British farmers are set for a cash windfall worth hundreds of millions of pounds because of the fall of the pound against the eurp. Within the next fortnight farmers must tell Defra whether they want to receive their subsidies in pounds or euros ahead of the figure being fixed in September.
The last single farm payment was worth about £3bn to UK farmers when it was paid out at the end of last year based on an exchange rate of 79p to the euro. Since then, the euro has appreciated to about 90p.
Peter Kendall, chairman of the National Farmers' Union said that if the exchange rate stayed the same payments would be about 13 per cent higher than last year. This would add up to an extra payout of more than £300m to farmers.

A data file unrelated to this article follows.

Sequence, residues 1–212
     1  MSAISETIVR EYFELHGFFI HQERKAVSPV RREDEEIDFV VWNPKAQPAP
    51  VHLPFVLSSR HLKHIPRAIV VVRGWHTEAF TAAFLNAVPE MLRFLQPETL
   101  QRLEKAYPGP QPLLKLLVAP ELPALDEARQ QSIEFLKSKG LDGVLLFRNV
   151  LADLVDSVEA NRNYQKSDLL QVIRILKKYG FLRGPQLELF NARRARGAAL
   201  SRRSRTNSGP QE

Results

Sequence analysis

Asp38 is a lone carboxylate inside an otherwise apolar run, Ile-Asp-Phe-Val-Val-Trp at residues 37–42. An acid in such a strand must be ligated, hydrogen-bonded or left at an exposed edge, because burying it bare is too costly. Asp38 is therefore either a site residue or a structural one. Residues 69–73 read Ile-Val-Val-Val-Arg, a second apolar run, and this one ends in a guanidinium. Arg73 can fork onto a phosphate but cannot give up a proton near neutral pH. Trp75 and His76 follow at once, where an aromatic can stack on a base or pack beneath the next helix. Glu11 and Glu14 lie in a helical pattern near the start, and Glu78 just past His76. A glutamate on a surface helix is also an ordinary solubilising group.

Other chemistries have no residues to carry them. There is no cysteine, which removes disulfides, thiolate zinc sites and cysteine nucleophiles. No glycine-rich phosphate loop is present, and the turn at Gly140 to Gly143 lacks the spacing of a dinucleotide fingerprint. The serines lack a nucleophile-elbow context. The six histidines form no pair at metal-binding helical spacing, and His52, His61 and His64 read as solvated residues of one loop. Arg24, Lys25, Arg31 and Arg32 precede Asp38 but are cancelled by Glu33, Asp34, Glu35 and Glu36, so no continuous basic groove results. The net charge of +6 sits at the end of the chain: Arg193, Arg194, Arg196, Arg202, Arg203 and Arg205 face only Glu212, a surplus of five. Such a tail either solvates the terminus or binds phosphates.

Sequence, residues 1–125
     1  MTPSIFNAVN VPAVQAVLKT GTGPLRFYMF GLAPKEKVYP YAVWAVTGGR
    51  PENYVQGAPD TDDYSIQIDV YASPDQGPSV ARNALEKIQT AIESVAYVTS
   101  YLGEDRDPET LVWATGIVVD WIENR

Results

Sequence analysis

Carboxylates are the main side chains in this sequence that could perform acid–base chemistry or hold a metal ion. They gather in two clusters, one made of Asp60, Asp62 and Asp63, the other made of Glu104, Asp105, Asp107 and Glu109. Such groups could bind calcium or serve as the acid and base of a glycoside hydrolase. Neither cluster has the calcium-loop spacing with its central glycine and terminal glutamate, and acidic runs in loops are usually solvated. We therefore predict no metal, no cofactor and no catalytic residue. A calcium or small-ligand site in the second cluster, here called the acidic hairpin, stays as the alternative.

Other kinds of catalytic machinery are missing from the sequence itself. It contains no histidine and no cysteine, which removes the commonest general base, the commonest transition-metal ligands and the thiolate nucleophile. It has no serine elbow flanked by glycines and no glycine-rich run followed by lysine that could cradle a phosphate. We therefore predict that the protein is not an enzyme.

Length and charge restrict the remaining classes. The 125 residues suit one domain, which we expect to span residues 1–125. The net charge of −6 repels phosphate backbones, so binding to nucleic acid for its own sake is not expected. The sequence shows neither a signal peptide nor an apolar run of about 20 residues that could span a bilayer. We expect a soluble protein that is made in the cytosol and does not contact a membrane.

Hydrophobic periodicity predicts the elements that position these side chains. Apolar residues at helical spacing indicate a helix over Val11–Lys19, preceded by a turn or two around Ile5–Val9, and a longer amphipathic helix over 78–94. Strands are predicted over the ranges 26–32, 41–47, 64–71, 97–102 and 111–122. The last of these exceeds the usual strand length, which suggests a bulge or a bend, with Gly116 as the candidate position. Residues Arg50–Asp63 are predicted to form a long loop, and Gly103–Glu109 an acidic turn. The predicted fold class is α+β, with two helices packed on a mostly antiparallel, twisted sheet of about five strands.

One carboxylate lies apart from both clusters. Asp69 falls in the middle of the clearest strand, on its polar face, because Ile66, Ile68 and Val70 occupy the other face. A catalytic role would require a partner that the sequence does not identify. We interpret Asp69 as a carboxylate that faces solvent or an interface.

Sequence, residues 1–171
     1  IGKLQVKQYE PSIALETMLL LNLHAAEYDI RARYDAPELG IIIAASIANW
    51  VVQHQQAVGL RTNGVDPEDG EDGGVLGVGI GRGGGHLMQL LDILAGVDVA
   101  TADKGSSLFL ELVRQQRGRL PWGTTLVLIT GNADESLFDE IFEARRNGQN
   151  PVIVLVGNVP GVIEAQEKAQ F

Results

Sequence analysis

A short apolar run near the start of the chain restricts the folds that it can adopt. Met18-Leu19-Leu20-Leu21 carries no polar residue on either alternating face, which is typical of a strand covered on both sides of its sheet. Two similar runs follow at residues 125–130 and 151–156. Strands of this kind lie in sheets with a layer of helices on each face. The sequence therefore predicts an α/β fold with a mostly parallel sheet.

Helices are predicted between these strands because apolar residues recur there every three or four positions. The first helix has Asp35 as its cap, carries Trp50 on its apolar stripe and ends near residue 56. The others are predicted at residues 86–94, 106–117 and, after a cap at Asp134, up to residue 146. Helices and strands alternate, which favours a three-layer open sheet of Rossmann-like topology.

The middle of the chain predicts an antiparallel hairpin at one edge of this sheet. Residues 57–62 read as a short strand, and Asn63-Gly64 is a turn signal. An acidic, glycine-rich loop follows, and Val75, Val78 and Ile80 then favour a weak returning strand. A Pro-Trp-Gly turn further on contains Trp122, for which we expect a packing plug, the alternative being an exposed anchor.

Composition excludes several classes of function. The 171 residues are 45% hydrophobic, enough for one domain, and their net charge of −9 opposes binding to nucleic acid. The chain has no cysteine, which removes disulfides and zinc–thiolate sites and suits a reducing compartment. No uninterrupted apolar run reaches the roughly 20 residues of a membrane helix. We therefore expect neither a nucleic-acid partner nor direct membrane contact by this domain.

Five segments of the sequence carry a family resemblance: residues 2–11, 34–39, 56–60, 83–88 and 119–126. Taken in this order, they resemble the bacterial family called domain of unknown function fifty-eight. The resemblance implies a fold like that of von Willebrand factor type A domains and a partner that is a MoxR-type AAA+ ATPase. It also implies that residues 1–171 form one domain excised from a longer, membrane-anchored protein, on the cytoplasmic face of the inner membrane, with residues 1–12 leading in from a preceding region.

Many farmers have used hedging strategies to fix their payments in advance at 92p per euro or higher. However, that is an option that is only really available to larger farmers. Less prosperous farmers with smaller farms have not been able to do so and are still exposed to market fluctuations.
Perhaps they should set some of the extra money aside to pay their tax bills. Tax liabilities will be higher after increased profits during the last two harvest. Accountants Grant Thornton warned that many farmers faced substantial tax bills next January and July.